Increasing numbers of consumers are now classed as ethical consumers – as well as judging a product on its own merits, purchasing decisions are taken with regard to the supplying company and its behaviour. With this in mind, corporate social responsibility (CSR) may not only be the morally correct thing to do, it can also be good for the bottom line. But what exactly is CSR?

Corporate Social Responsibility (CSR) is a form of corporate self-regulation integrated into a business model. Ideally, CSR policy functions as a built-in, self-regulating mechanism whereby a business monitors and ensures its support of law, ethical standards, and international norms.

Businesses embrace responsibility for the impact of their activities on the environment, consumers, employees, communities, stakeholders and all other members of the public sphere. Additionally, CSR-focused businesses can proactively promote the public interest by encouraging community growth and development, and by voluntarily eliminating practices that harm the public sphere, regardless of legality.

Earlier this year, the CSR initiatives of the Sanovo Group of companies was recognized at the 2010 International Egg Commission Conference, Prague, and awarded the Crystal Egg Award.

The Sanovo Group operates what it calls Company Karma. Through this programme, the various businesses that make up the group are able to impact the communities where they do business. Initiatives within Company Karma can range from improving living standards through to achieving environmental change.

Christian Stadil, co-owner, comments: “In the Sanovo Group of companies, we work from a ‘four-times win’ notion, where we aim at creating value for our four most important stakeholders – our company, its employees, our partners and customers and last, but not least, causes where we can make a difference or, to use a big word, the world.”

A number of activities are carried out across the group, for example the ingredients division supports measures to address climate change through a World Wide Fund for Nature climate partnership.

Chicken & Egg  

Yet, the CSR activities of the group go beyond simply financial support. Its technology division has been supporting the establishment of a chicken farm in cooperation Danchurchaid, a Danish non-governmental humanitarian organization.

Four villages in central Malawi participate in the project that aims to increase women’s income through the production and sale of eggs in the local market. The project is implemented by Danchurch’s local partner the Evangelical Lutheran Development Service (ELDS).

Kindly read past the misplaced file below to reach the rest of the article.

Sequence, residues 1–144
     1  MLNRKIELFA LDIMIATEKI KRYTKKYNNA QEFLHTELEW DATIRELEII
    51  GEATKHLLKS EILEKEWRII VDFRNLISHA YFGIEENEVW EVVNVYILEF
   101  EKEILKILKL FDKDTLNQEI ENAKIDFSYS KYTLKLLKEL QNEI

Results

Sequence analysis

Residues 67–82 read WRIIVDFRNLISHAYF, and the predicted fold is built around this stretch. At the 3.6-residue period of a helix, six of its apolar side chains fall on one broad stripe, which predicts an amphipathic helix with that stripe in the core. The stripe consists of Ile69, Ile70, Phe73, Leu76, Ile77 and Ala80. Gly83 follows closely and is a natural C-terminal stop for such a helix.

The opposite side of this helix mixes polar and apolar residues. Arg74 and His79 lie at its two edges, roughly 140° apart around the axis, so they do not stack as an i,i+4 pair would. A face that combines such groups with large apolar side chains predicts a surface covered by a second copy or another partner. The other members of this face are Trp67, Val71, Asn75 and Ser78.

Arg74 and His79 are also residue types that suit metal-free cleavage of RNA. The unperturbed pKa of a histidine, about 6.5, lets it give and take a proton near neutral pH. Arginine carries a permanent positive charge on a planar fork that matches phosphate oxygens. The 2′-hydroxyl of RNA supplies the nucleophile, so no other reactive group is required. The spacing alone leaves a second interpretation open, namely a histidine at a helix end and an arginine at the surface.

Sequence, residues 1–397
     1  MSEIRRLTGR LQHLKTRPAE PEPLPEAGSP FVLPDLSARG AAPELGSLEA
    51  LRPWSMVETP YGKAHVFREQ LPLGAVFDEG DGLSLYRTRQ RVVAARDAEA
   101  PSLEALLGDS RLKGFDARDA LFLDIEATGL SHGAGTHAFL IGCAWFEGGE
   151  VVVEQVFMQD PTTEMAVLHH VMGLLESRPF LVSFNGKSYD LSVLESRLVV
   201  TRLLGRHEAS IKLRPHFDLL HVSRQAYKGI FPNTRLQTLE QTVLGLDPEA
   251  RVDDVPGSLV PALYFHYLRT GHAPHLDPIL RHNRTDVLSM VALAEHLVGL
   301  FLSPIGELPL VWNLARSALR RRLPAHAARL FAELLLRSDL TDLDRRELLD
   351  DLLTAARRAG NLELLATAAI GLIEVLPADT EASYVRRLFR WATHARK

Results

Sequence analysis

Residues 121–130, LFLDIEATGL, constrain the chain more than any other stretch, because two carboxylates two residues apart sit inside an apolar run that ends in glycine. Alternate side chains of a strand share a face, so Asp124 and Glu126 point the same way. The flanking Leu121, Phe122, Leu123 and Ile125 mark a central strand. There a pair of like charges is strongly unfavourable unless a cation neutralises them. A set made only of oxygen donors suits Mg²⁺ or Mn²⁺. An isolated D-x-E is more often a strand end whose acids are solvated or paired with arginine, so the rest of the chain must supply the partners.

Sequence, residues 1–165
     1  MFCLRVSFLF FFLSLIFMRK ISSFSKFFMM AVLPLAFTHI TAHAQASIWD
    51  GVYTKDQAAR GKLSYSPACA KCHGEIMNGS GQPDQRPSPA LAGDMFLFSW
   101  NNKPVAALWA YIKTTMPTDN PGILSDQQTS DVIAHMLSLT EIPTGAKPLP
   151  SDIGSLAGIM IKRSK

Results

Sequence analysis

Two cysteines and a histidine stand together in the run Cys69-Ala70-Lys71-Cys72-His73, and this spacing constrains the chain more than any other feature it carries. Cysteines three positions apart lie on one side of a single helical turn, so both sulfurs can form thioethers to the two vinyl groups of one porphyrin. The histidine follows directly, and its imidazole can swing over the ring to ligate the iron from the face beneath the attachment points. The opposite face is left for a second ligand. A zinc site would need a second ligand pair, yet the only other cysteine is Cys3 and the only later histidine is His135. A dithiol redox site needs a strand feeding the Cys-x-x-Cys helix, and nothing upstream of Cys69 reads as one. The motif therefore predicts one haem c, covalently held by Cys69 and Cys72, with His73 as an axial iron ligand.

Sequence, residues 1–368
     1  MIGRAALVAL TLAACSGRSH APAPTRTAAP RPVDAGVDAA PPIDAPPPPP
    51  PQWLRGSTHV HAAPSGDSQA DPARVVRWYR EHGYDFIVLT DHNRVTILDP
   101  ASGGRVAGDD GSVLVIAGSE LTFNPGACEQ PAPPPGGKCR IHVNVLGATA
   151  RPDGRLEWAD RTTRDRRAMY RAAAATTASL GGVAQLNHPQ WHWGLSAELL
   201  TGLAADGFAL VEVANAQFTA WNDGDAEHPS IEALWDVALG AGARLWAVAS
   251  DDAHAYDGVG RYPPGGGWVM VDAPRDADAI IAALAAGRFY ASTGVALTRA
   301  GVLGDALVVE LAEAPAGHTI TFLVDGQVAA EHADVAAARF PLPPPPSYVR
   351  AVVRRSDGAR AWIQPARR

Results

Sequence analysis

Local women have been given laying hens and, in addition, receive training in business planning and ongoing support from the local partner. Sanovo Technology Group has devoted five years to the project, which began in December 2007, and so will continue to participate into 2012.


Joyce Khofiman, who has been part of the Chicken & Egg project since its inception says: “We want our children to become educated as teachers, doctors and development workers. Maybe, some day, one from the village will go to the university and help Malawi.

“Thanks to the chickens and the seeds we have got an income and are now able to pay for school fees. But the most important change is that we have food for everybody and we don’t starve any more.”

Malawi is not the only African focus within Sanovo’s CSR work, and as part of the submission that won the company the Crystal Egg Award, the company pointed to its “inventive charity” in the poorest countries in the world, Sierra Leone.

The company’s sports clothing division, mummel, has been sponsoring the national football team. In addition, the division is in the process, together with the charity Save the Children, of opening a range of football schools in the country using the national team players as models and coaches.

Africa is also the recipient of funds raised by the “Shipping with a difference” initiative. Inaugurated in the southern Japanese city of Oita, with the launch of a new ship called Thorco Africa, and organized in cooperation with the Red Cross, an UNCUT percentage of the ship’s turnover goes to humanitarian projects in Africa.


The Sanovo Group is also working closer to its home, and is participating in the Rotterdam Climate Initiative (RCI), which aims to bring about 50% reductions in CO2 emissions and “full climate change resilience by 2025”.

The RCI is an initiative of the City of Rotterdam, the Port of Rotterdam, and the DCMR Environmental Protection Agency. Through Sanovo’s property division, West Star Group, the company has installed two green roofs on towers of its flagship Westblaak building. They contribute to water management, aid insulation and decrease CO2. In addition to this, LED lighting has been installed in most of the public areas around the building.

However, the company’s green initiatives do not stop there. The latest green project is the transformation of the company’s car park building into a huge green “lung” – making it the largest vertical green wall in Europe. The plants grown on the building are equivalent to 250 large trees, making it the largest park in Rotterdam. The building also doubles up as a landmark for the city, and has gained recognition from the local government.


CSR can take a variety of forms, from pure corporate philanthropy, to operational CSR and corporate marketing, and community volunteering.

An aspect that Sanovo has included in its Company Karma is a modest approach to communication, and, wherever possible, to enlist a partner. The latter helps to reinforce facts, and informs customers about what is going on, without giving the impression of being boastful.